The UK’s upcoming Challenger 3 main battle tank (MBT) will improve on the Challenger 2 in many ways, most notably in its armament. However, the Challenger 3 will also feature a whole host of new technology to bring it up to date with foreign designs. The new tank is expected to be one of the most capable tanks on the planet.
The Challenger family
The Challenger 3 is the latest in a line of Challenger tanks from the UK. The name dates back to a rather lackluster design from WWII, which used the same chassis as the Cromwell but carried the powerful 17-pounder anti-tank gun. The name was not used again until 1983 with the Challenger 1 MBT, which replaced the Chieftain and fought in the Gulf War. The Challenger 1 still holds the record for the longest tank-on-tank kill.
In the late 1990s, the Challenger 2 arrived. It was a major redesign and improvement over the Challenger 1, although the two are visually similar. When it entered service, the Challenger 2 was one of the most capable tanks in the world, with extremely tough Dorchester armor and a powerful 120 mm rifled L30A1 main gun.
The Challenger 2 is famous for never being knocked out by enemy fire.
However, it has been showing its age in recent years, resulting in a number of proposed upgrades. It has received much criticism for its rifled gun.
The first improvements were discussed in 2005, with the Capability And Sustainment Program (CSP), however, it would not be until 2014 that this was taken seriously. By that point, the upgrade program was called the Challenger 2 Life Extension Program (LEP).
From the LEP came two prototypes; one from BAE Systems and another from Rheinmetall.
In 2019 BAE Systems and Rheinmetall merged their British services into Rheinmetall BAE Systems Land (RBSL) and combined their efforts into a design with a completely new turret, placed on a slightly improved Challenger 2 hull.
This would become the basis for Challenger 3.
In May 2021 the MOD signed a $1.1 billion (£800 million) contract with RBSL to upgrade 148 Challenger 2s into the new Challenger 3 specification. The upgrades should be complete by 2030.
Most of the improvements that are coming with the Challenger 3 are related to the turret, which will be mated to less-modified Challenger 2 hulls. It is an entirely new design that will house the Rheinmetall L55A1 120mm smoothbore gun. This is a major departure from the previously rifled gun, but the change to this weapon is a significant one.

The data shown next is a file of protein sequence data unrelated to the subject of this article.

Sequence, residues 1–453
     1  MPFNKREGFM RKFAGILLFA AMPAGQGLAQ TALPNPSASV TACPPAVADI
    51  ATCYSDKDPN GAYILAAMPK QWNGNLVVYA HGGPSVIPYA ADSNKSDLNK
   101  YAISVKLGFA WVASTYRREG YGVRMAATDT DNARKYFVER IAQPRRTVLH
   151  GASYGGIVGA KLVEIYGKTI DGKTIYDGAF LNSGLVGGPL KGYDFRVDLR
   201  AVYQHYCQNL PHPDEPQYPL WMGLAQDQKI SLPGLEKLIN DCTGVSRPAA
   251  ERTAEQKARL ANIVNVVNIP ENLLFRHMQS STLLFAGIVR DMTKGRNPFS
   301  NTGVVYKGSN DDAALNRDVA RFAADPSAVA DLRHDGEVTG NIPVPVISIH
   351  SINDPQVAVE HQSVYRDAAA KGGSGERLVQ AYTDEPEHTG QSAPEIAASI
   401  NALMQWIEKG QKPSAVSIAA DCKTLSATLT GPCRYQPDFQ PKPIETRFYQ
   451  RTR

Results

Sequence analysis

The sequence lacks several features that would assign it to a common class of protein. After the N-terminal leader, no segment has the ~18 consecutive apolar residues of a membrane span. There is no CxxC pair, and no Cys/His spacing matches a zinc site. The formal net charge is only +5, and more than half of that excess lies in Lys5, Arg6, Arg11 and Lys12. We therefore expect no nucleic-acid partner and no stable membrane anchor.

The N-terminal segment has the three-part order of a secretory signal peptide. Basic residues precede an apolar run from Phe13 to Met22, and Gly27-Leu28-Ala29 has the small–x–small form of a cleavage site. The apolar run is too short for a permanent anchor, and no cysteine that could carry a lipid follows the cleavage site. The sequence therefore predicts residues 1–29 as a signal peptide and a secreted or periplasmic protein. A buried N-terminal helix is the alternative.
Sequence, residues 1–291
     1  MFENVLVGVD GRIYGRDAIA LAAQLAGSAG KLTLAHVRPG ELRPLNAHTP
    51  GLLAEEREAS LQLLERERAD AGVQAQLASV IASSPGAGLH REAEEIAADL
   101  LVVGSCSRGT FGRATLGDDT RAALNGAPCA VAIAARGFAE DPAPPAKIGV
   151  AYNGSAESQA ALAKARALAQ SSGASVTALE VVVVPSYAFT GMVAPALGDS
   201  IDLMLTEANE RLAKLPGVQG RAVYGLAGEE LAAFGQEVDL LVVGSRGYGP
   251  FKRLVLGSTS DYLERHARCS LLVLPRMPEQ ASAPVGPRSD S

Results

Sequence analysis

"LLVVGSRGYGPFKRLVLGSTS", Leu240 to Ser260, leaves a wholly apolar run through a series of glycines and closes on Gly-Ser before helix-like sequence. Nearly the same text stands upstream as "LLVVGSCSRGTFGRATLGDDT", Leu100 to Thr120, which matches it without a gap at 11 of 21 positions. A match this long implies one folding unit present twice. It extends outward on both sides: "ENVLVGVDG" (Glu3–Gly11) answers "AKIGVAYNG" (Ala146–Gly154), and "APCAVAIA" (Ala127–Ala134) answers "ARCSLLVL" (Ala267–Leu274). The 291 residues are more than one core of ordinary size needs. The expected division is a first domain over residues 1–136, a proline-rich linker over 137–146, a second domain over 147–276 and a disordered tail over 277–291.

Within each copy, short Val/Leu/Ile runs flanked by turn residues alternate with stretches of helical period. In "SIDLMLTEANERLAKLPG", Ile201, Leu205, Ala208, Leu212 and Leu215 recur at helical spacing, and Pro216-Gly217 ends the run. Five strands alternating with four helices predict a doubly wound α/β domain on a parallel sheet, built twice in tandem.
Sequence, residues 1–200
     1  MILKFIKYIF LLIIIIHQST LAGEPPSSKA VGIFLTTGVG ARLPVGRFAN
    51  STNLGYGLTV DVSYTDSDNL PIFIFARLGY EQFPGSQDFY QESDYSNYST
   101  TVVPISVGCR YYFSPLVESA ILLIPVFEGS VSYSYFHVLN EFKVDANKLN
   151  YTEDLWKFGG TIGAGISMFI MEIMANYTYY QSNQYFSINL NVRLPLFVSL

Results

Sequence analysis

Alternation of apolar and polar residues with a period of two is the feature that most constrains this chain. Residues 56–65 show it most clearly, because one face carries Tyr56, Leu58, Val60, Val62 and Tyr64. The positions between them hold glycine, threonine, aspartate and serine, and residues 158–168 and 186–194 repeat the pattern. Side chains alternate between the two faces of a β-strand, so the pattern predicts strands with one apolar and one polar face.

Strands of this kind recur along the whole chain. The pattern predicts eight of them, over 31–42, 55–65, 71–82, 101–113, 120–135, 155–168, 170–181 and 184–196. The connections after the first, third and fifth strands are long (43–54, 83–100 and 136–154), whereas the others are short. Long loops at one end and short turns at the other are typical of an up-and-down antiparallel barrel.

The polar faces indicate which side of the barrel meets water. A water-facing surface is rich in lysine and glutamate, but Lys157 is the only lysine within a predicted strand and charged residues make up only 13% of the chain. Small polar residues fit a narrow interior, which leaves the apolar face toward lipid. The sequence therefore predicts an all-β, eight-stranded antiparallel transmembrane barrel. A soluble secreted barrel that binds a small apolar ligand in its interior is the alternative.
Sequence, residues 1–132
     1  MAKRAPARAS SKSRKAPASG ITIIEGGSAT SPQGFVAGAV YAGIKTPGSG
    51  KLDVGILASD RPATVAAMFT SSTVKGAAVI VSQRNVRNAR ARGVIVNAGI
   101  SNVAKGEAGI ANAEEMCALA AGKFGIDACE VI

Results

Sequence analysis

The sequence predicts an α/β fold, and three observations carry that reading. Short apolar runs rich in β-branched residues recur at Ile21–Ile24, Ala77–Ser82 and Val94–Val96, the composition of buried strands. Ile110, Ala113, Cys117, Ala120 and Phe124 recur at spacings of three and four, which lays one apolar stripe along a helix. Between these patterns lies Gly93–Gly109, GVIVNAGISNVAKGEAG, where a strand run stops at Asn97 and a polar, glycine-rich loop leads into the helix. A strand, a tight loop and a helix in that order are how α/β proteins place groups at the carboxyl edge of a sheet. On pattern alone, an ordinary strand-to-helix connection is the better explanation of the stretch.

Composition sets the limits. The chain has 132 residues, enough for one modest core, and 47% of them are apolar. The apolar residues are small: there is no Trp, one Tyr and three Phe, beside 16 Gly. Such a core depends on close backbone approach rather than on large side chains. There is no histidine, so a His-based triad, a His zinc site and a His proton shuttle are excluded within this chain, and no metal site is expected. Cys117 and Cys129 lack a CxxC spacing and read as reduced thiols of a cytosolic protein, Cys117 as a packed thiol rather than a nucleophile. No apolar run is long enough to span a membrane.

The older L30A1 has missed out on years of massive advancements in smoothbore ammunition. But the L55A1-armed Challenger 3 will now have access to these stocks, as well as share ammunition from other NATO members.
Inside, the tank has a vastly improved suite of electronics that will keep it connected on the battlefield. With this, different units can communicate easily and share data to improve situational awareness and give commanders the maximum amount of tools possible to make informed decisions.
Also, the Challenger 3 will be outfitted with all new sights which allow the crew to operate in the day, at night and in adverse weather.
Little is known about the changes to armor protection, which was already exceptional on the Challenger 2. However, an Army press release said the Challenger 3 will be fitted with “a new, modular armour that will defeat even the most demanding of threats.”
What this refers to exactly is unclear, but, like most of the upgrades, this new armor will likely be applied to the turret. It is currently assumed that the hull’s armor protection will remain mostly the unchanged from the Challenger 2.
One of the most interesting features of the new tank is its active protection system (APS).
Active protection system
An APS is a system that monitors the area for incoming projectiles and deploys countermeasures that either reduce a projectile’s effectiveness or destroy it completely.
According to the Army, Rafael Advanced Defense Systems Ltd’s Trophy Active Protection System will be trialed for the Challenger 3. This particular APS is widely regarded as the best in the world and has been proven in combat against a range of projectiles. Israel has used Trophy APS on their Merkava MBT since 2010, with great results.
The system complements the physical protection of a vehicle by detecting an incoming threat and deploying a small explosive to destroy it. Rafael explains it as “a neutralization bubble around the vehicle.”
All of these attributes are sure to make the Challenger 3 a true world-leading tank, and a fearsome opponent on the battlefield.